Tag Archives: Killer Mike


Killer Mike said a lot of true things in this interview but this one is the most relevant to rap music.

How do you tell musicians who escaped the grips of poverty that they should rap about social issues when they’re trying to buy their mother a house? They’re trying to get the hell out of the ghetto themselves. The people that they’re rapping to and rapping for, they experience five, six, seven days of hate, of pain, of psychological torture. They experience that. They don’t even wanna hear about it anymore sometimes. They just want to escape. They escape through the fantasy of “I drive a big car. I have a big house. I’m a boss. Nobody can tell me what to do.” That music can be as therapeutic as recognizing there’s a big problem and speaking about it.



I’m not sure how many rappers besides Killer Mike can be this compelling and look this credible in both of these contexts.  I’m not saying he’s the only dude who can pull off talking about scoring Viagra off his grandpa in one video and posing as a beheaded Holofernes (and/or John the Baptist?) in another, but he’s gotta be on a pretty short list.

Killer Mike – A.D.I.D.A.S. (feat. Big Boi)

Killer Mike & El-P – Untitled

After seeing the shocking powerlessness depicted in 8Ball’s “Lucky’s Theme Song” video from last month, I think I’d put him on that list too.  And maybe Biggie.  That might be it though.  Thoughts?

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More driving on the west coast has yielded more musical surprises.  This time, we were checkin’ out some southern California cats that I’ve been a fan of for a while now, but had neglected their more recent album, so I happened to hear this song for the first time yesterday.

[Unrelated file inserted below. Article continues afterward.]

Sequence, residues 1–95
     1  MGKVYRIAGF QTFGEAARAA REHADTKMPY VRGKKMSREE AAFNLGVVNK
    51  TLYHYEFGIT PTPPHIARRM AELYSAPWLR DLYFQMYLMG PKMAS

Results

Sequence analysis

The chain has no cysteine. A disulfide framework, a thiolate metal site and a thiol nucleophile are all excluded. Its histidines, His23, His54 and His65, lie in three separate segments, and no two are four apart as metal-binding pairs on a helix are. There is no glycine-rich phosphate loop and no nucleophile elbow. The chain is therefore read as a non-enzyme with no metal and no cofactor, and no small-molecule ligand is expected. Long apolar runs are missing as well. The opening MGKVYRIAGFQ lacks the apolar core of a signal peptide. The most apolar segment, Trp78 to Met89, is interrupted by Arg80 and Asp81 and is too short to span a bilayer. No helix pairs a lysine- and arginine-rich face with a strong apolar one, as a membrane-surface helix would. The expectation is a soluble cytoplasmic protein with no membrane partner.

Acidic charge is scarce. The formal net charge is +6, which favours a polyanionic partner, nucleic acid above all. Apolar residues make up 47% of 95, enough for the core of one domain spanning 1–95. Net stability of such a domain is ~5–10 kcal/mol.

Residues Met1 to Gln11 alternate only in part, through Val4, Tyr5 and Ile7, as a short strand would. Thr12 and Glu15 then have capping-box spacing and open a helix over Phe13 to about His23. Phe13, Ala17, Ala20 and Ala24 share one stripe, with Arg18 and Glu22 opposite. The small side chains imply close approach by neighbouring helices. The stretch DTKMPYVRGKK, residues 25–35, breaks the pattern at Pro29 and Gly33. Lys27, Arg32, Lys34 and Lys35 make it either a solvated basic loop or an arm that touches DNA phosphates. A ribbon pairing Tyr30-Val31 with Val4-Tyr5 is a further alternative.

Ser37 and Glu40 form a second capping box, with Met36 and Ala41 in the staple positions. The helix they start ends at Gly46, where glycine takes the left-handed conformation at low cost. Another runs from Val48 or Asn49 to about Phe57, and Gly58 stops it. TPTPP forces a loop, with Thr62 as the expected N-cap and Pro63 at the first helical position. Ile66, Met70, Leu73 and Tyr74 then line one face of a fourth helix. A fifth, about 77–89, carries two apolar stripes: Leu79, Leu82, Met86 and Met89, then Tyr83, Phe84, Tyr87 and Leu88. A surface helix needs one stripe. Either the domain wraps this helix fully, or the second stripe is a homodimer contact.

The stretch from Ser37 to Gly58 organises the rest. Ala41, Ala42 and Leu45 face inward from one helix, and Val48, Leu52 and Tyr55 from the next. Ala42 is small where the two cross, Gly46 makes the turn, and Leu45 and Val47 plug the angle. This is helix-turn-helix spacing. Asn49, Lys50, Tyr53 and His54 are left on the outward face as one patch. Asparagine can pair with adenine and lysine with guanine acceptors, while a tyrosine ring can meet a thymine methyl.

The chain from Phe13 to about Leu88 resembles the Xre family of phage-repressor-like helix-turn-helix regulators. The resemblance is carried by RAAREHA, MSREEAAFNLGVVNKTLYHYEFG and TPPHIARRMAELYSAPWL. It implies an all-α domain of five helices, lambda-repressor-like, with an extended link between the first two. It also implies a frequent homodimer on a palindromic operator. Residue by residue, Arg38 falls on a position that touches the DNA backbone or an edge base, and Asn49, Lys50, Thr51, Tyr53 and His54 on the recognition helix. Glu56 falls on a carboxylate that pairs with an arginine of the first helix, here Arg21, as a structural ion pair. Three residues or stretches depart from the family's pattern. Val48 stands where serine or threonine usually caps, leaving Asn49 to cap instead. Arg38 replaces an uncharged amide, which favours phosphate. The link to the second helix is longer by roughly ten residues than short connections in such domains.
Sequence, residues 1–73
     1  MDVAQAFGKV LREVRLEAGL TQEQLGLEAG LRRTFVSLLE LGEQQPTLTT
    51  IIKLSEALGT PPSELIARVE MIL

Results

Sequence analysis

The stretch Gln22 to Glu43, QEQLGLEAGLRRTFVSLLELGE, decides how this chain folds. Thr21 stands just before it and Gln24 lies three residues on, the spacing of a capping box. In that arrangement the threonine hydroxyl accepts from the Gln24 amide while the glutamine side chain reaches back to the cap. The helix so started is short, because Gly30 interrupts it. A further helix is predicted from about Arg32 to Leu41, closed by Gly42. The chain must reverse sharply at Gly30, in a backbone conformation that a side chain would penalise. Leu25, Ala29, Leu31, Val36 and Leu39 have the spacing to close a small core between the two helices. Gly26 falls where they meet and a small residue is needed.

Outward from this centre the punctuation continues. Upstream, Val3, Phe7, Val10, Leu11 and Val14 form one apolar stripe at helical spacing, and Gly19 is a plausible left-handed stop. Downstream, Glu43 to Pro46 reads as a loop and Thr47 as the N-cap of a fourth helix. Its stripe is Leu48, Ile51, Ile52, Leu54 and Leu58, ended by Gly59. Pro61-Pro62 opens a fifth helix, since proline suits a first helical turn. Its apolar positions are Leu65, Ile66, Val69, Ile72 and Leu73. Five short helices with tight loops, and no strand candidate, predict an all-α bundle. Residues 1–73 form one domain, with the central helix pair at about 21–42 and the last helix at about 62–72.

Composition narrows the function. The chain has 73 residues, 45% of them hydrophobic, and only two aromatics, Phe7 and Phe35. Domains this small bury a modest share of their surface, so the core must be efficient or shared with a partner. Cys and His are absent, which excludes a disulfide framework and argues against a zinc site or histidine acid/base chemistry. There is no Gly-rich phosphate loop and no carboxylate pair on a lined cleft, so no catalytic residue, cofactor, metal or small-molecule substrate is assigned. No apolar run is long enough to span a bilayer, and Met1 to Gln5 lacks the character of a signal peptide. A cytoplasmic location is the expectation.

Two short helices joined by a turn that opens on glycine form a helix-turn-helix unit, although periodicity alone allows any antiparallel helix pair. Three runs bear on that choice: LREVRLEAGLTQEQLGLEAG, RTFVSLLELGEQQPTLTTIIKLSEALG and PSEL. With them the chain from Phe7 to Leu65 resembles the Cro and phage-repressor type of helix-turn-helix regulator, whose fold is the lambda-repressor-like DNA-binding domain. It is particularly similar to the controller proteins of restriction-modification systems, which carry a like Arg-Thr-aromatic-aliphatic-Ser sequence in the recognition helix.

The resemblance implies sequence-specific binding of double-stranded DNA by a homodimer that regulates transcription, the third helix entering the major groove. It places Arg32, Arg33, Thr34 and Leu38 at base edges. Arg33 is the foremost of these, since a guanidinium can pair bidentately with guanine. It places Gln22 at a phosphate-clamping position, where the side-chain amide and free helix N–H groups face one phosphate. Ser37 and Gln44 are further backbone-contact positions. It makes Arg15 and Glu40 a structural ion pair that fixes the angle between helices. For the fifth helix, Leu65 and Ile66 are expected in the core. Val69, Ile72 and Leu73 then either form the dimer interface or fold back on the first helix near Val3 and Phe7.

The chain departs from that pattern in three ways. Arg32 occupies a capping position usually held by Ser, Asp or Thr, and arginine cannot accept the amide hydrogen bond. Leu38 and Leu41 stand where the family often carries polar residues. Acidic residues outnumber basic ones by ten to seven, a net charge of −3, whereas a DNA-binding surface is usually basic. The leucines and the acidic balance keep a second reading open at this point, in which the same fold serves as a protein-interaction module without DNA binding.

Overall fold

Sa-Ra – Just Like A Baby

Sa-Ra has done a better job than almost anybody at taking funk into the 21st century, but this track happens to be reaching more into the past than in the future.

Sly & the Family Stone – Just Like A Baby

I feel like I know this song inside and out, it’s from possibly my favorite Sly Stone album, There’s A Riot Goin’ On.  And interestingly enough, this is not the only modern-day interpretation of a song from this album.  Check out this time warp.

Sly & the Family Stone – Runnin’ Away

Big Boi, Sleepy Brown, & Killer Mike – Runnin’ Away

And if you want a little more convincing about the significance of this album, you should check out what ?uestlove has to say about it in this really interesting article Matt turned me onto about funk/soul/hip-hop concept albums.  Maybe I need to not avoid Pitchfork so hard, that article is damn interesting.

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A while back, this Sly and the Family Stone tribute album came out called Different Strokes By Different Folks, and it basically consisted of a bunch of modern-day artists covering, sampling, and generally re-working a bunch of old Sly Stone songs.  Like most albums of this type, it gets a little weird at times, but overall I’ve always been pretty into it.  I hadn’t thought about it much for a while though until Trent sent me this video, which is just beautiful.

The Roots – Star

That one’s probably the song on that album that’s least like the original, but they really keep the concept intact and bring it to the present day, and I think they do a damn good job of it.  And that video really seals the deal, in my opinion, and I had no idea it existed until today.  Thanks Trent!

I just wish the reworking of “Runnin’ Away” from that album got a video too, cuz it’s one of my favorite Sly and the Family Stone songs, and it’s definitely my favorite track on that tribute album.

Big Boi – Runnin’ Away (feat. Sleepy Brown & Killer Mike)

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